Association for Behavior Analysis International

The Association for Behavior Analysis International® (ABAI) is a nonprofit membership organization with the mission to contribute to the well-being of society by developing, enhancing, and supporting the growth and vitality of the science of behavior analysis through research, education, and practice.


46th Annual Convention; Washington DC; 2020

Event Details

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Symposium #482
CE Offered: BACB — 
Training Pre-Service Behavior Analysts: A Review of Multiple Training Systems
Monday, May 25, 2020
10:00 AM–10:50 AM
Marriott Marquis, Level M4, Independence D
Area: TBA/OBM; Domain: Service Delivery
Chair: Lloyd D. Peterson (Western Michigan University)
CE Instructor: Lloyd D. Peterson, Ph.D.

Board Certified Behavior Analysts are credentialed through education, fieldwork, and an exam. The fieldwork portion is an opportunity to learn and utilize behavior analytic principles for future independent practice under the supervision of an already credentialed behavior analyst. Although fieldwork guidelines are provided by the Behavior Analyst Certification Board, the implementation of the fieldwork varies across organizations and behavior analysts. The latitude of implementation within the fieldwork guidelines is helpful for implementing quality pre service training in various different contexts and to meet the needs of the trainee. The purpose of this symposium is to provide a review of different organizational practices to training pre service behavior analysts. Each presentation will provide an overview of a training practice that is applicable to the entire fieldwork requirements or to a specific portion. Attention is given to training professionalism as part of the fieldwork requirements. Each presentation will also provide barriers to implementation to provide attendees complete information for evaluating context fit within their organizations or individual supervision practices.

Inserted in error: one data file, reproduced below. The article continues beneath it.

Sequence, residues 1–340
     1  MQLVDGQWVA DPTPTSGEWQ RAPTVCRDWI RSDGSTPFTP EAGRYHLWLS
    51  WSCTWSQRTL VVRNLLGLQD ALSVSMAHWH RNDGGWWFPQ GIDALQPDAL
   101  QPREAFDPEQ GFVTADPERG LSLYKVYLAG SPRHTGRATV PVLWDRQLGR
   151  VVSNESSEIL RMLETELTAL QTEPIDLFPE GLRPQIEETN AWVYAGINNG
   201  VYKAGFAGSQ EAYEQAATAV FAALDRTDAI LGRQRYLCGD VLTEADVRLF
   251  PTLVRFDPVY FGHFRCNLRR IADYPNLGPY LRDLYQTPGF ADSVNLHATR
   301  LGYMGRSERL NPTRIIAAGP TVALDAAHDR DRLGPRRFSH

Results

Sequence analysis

Instruction Level: Intermediate
Keyword(s): Fieldwork, Supervision, Training
Target Audience:

This symposium is for practitioners supervising pre-service behavior analysts. Additionally, individuals seeking certification may benefit from learning different approaches to supervision.

Learning Objectives: 1. Attendees will state the definitions for scope of practice and scope of competence based upon Brodhead, Quigley, and Wylczynski (2018). 2. Attendees will describe how the Confidence and Competence Checklist (Brodhead, Quigley, & Wylcznski, 2018) can support a professional in defining personal scope of competence. 3. Attendees will describe the processes and outcomes of organizational BCBA supervision project. 4. Attendees will describe how to incorporate practices for teaching professionalism into supervision. 5. Attendees will describe a process for teaching visual analysis to pre-service behavior analysts.
Creating an Organizational Pre Service Supervision System: A Review of Melmark's Learning Series
JENNIFER RUANE (Melmark), Shawn P. Quigley (Melmark), Mary Jane Weiss (Endicott College)